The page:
Monday, March 20, 2006

Companies join forces on carbon capture and storage

Environmental Finance, 16 March 2006 - Thirteen companies have come to together to form an association to promote carbon capture and storage (CCS) technology with a call for a clearer steer from government.

"We need a clear regulatory and fiscal framework going forward to justify CCS to shareholders,"
said Lord Ron Oxburgh, former chairman of Shell Transport and Trading and the president of the Carbon Capture & Storage Association (CCSA), at the organisation's launch in London on Monday

The CCSA aims to promote technology for permanently storing carbon dioxide (CO2) underground. Its members will work with the UK government to resolve regulatory issues that might delay the deployment of technology and to help develop the fiscal and legislative conditions to allow for early demonstration CCS projects.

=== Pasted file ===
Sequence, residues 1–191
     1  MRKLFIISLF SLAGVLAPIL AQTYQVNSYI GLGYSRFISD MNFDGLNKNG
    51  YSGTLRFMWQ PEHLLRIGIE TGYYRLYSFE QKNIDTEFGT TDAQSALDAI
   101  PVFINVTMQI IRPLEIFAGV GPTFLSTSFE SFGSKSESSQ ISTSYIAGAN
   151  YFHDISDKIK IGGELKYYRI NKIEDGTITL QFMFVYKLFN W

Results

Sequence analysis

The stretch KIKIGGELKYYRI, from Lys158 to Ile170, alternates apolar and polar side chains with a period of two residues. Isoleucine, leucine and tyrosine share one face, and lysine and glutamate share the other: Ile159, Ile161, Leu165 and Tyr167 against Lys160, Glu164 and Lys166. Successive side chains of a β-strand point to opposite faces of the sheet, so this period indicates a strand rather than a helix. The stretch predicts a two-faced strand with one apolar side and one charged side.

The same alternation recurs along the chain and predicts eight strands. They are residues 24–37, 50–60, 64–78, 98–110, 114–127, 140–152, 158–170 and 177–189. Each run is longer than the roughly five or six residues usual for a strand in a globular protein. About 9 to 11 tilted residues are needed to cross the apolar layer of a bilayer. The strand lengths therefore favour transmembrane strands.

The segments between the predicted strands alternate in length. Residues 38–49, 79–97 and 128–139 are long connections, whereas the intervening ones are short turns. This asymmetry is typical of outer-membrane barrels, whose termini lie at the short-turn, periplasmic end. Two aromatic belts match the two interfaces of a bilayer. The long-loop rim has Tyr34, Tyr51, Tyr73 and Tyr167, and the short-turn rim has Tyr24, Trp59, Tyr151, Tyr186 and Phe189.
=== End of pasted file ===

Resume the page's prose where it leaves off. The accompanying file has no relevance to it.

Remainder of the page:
"Fossil fuels are going to continue to be the major source of power for the foreseeable future,"
said Gardiner Hill, CCSA chairman and BP's manager for environmental technology.
"This technology has the additional advantage of providing a 'win-win' for the environment and energy security, when the circumstances are right for the CO2 to be used for enhanced oil and gas recovery,"
he added.

CCS involves collecting CO2 from large industrial and energy-related sources, and storing it – usually in geological formations such as oil or gas fields – so that it cannot escape to the atmosphere and contribute to global warming.

The founding members of the association are: Air Products, Alstom, AMEC, BP, ConocoPhillips, E.ON UK, Mitsui Babcock, Progressive Energy, Schlumberger, Scottish & Southern Energy and Shell.

They were joined at the official launch by energy companies RWE and Chevron, according to Jeff Chapman, CCSA chief executive-designate.


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